Farewell Casa Magni

I just finished watching a couple of video events tonight and it was just plain luck that they were broadcast one right after the other. One was the first presidential candidate debate at Hofstra University in New York. It definitely had the “Let’s get ready to rumble” hype ahead of it. You can decide if Clinton or Trump won. I thought it was pretty lively. You could choose a stronger word than “lively” I guess. Stormy? It went from 8-9:30 PM and moderator Lester Holt had his hands full.

Definitely not like the other video, which was the live broadcast of the Austin Historic Landmark Commission meeting about whether or not to demolish Casa Magni, the home of my former undergraduate college teacher, Dr. Jenny Lind Porter. It came on at 10 PM, a much quieter affair and over in 20 minutes. It was the third such meeting since late June. There was calm agreement to release the permit to demolish the house. It was a welcome counterpoint to the tense and sometimes barely contained hostility of the presidential debate.

There was no opposition from the Old Enfield Homeowner’s Association (HOA). In fact, the President of the HOA herself supported demolition. There was no evidence that the celebrated Austin architect, Hugo Franz Kuehne, designed the house at 1715 Summit View Place. Several speakers spoke in support of demolition and praised the applicant’s plan to build a “mimic” of the style of Dr. Porter’s house.

Somebody mentioned that Dr. Porter has had a guardian since late 2015. Another mentioned respectfully that she had been appointed Poet Laureate of Texas in 1964 by then Governor John Connally.

There was no one there who opposed demolition. What probably helped was that the applicant and owner of the house plans to obtain a restrictive covenant ensuring that the new construction will never be turned into an apartment house.

The presidential debate made me clench my jaw. The meeting about Porter’s house was marked by a tone of respect, helped me unwind and let go. That’s what it felt like…a letting go. May it be that something of her spirit burns in me.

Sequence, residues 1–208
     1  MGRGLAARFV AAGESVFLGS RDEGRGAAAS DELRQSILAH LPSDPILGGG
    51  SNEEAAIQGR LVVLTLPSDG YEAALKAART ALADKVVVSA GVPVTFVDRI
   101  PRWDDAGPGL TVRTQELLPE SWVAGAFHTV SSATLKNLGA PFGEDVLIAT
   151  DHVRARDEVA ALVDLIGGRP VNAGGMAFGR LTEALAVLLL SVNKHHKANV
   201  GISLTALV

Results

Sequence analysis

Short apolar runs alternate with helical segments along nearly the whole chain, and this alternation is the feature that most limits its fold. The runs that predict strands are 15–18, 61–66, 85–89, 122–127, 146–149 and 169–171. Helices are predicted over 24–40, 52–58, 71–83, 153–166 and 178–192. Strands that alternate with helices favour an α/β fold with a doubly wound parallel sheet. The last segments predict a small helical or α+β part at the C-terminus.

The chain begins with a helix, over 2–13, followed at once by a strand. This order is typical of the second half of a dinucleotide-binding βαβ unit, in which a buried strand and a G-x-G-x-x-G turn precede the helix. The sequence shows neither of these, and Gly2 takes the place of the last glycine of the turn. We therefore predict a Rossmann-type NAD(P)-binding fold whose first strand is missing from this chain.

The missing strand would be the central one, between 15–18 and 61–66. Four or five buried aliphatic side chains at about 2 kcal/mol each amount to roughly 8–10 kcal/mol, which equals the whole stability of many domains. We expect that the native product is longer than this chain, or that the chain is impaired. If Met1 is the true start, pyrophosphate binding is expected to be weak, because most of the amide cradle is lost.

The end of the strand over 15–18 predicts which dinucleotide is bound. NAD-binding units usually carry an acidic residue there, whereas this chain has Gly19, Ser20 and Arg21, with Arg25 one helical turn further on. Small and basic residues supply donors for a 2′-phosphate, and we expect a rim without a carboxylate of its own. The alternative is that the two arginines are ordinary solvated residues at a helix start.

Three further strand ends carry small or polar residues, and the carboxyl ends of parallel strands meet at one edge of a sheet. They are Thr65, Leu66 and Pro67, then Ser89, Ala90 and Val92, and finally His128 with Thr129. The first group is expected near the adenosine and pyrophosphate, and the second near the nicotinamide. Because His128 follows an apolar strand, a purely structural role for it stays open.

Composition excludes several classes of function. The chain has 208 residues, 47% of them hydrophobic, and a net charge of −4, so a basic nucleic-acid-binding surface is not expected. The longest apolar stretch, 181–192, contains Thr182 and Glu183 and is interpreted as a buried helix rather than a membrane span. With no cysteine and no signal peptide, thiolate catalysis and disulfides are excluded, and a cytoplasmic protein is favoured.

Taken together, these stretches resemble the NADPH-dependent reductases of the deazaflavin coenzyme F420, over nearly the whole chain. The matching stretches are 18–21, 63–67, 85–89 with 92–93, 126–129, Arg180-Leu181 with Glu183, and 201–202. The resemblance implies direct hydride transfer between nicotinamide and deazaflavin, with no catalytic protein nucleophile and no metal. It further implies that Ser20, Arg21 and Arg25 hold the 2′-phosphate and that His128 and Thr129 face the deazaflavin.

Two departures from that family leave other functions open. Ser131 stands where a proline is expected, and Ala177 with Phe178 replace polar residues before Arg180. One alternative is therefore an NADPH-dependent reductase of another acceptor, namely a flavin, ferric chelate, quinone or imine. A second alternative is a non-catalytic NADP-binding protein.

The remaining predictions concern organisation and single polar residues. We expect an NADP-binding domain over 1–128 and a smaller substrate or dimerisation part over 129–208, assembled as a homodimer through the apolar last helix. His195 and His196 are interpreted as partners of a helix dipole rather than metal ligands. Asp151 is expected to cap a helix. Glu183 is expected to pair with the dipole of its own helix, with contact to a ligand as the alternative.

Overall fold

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Comments

  1. Jennifer Marsh says:

    This is the project designer for 1715 Summit View. We plan to honor Dr Porter and would love to engage you and those who knew her best to get it right.

    Liked by 1 person

    • Jennifer, Thank you so much for your message and the plan to honor Dr. Porter. More later, I’m trying to get my work done here in the hospital this evening and get home.

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    • Hi Jennifer. I would be thrilled to have a role in honoring Dr. Porter. In fact, I’m honored that you would even consider asking me. Of course, she has many local dear friends to whom I defer because they have known her for decades.

      In comparison, I knew her for only a couple of years when I was an undergraduate at what was then Huston-Tillotson College in Austin. She made a big impression on me then, but it wasn’t until many years later that I realized what she taught me about being a teacher, which I try to remember on my busiest days in my role as a general hospital psychiatrist.

      You can contact me for now by my office e-mail found at https://www.medicine.uiowa.edu/dept_primary_apr.aspx?appointment=Psychiatry

      I’ll be on vacation for a few weeks starting the first of October and will have only intermittent access to email. Don’t hesitate to get in touch with me.

      You know, it’s funny. Every time I think my meandering journey finding Jenny Lind Porter is ended…some new fork in the road appears.

      Thanks again.

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